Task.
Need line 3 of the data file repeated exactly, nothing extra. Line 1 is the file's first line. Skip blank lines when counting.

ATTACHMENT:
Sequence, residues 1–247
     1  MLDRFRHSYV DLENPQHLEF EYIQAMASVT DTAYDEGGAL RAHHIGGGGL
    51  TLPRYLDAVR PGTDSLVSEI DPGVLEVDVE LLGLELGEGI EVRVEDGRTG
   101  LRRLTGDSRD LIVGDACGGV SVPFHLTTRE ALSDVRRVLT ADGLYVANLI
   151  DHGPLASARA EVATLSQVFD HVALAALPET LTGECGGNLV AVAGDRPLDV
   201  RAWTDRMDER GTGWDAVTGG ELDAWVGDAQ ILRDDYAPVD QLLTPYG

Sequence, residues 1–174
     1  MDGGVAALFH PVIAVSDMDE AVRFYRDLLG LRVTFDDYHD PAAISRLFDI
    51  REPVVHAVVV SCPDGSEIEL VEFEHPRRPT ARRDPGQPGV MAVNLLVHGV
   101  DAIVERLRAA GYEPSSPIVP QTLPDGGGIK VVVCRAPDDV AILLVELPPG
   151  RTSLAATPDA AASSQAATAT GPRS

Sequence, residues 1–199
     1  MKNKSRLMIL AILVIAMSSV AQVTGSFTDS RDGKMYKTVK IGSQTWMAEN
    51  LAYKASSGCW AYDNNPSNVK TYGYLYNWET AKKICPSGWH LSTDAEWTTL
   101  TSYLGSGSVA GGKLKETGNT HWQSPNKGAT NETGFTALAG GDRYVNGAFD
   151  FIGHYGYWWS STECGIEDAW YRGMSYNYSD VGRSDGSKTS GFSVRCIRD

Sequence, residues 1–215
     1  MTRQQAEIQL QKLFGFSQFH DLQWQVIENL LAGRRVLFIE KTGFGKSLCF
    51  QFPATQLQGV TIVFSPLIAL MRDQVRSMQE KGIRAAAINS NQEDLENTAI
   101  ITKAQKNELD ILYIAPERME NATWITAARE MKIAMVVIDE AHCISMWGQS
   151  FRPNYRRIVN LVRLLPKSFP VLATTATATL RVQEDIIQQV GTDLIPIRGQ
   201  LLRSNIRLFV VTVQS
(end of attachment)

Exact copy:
    51  TLPRYLDAVR PGTDSLVSEI DPGVLEVDVE LLGLELGEGI EVRVEDGRTG